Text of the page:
There is no instant, magic cure. You have to be patient and adapt training until you grow out of it.
- Apply the PRICE principles of protection, rest, ice, compression, and elevation.
- Rest from any activity which makes the injury worse.
- Initially, for the first 48 to 72 hours, this means complete rest.
- If you continue to train on it a painful and inflamed heel, you will make it worse and possibly even cause permanent damage to the bone.
- Apply ice or cold therapy for 10 mins every hour initially, reducing the frequency as symptoms improve.
- Do not apply ice directly to the skin unless it is in the form of ice massage. Ice massage involves massaging an ice cube over the site of pain, ensuring the ice is not kept continually in once place.
- Ice can also be wrapped in a wet tea towel or use a cold therapy and compression wrap.
- Insert a heel pad or heel raise into your shoes. This raises your heel and temporarily shortens the calf muscles, reducing traction forces at the back of your heel.
- Make sure you place them in both shoes, even if only one heel is painful, as just putting in one will cause a leg length difference and may increase the chance of other injuries to the lower leg, hips and back.
What can a professional do?
- A doctor or physiotherapist can apply a plaster cast or boot if the child is in severe pain. This may be worn for a few days or even weeks and should give relief of pain for a while.
- They will carry out a full biomechanical assessment to help determine if any foot biomechanical issues are contributing to the condition.
- Orthotics or insoles can be prescribed to help correct overpronation.
- It is a good time to have orthotic insoles professionally fitted whilst you are still growing. This is because they may encourage normal development of your foot.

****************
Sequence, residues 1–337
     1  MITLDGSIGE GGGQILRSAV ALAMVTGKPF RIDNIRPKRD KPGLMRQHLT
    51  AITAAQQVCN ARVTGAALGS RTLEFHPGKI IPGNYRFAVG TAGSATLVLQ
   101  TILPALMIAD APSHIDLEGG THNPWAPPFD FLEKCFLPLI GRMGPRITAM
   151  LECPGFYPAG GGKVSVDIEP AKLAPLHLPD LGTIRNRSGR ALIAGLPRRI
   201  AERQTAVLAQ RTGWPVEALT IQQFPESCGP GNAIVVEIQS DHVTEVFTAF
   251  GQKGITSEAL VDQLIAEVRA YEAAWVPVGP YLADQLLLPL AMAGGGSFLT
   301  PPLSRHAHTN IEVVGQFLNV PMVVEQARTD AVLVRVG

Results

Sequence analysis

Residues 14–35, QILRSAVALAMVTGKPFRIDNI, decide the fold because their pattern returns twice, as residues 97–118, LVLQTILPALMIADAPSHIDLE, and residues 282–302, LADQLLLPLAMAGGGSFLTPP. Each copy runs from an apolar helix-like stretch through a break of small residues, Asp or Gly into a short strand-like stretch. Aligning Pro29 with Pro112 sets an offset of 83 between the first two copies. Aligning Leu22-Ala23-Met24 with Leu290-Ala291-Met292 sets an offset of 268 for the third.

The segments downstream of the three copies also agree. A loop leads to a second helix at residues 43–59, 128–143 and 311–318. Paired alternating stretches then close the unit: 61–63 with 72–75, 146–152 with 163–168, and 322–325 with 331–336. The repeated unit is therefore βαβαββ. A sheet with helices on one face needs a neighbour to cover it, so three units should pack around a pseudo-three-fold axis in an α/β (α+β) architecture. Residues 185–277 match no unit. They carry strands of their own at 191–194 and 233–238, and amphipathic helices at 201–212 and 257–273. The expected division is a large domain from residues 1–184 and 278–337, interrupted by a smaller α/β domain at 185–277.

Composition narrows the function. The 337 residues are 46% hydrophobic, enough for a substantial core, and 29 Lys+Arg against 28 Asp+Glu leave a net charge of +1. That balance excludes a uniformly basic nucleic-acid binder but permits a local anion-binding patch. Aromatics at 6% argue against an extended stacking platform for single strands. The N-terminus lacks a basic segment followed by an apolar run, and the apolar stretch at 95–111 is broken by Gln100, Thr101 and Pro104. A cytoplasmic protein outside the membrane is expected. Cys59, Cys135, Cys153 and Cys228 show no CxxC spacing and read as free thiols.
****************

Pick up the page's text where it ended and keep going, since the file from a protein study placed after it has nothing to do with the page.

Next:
- A doctor may prescribe anti-inflammatory medication, such as ibuprofen to reduce pain and inflammation. This will not be prescribed if the child has asthma.
- In persistent cases, X-rays may be taken, but this is not usual.
- A sports injury professional will NOT give a steroid injection or operate as these are not suitable treatment options.
- Sports massage to the calf muscles may be beneficial in reducing any tension and helping the muscles to stretch. Massage directly to the site of pain at the back of the heel should never be done. This will only make your injury worse.
How long does Sever’s disease take to go away?
- The condition will usually settle within 6 months, although it can persist for longer.
- You may find it comes and goes over a period of years, often for no apparent reason.
Exercises for Sever’s disease
- When pain allows, exercises to stretch the calf muscles at the back of the lower leg should be done.
- In the long-term, this will reduce traction forces at the back of the heel.
- This should only be done if the foot is free from pain. If it is painful then ‘tugging’ at the back of your heel will only make it worse.
- Let pain be the guide rather than following strict time limits.
- Sever JW. Apophysitis of the os calcis. NY Med J 1912;95:1025.
- Ogden JA, Ganey TM, Hill JD et al. Sever’s injury: a stress fracture of the immature calcaneal metaphysis. J Pediatr Orthop 2004;24:488-93
- Ramponi DR, Baker C. Sever’s Disease (Calcaneal Apophysitis) Adv Emerg Nurs J. 2019 Jan/Mar;41(1):10-14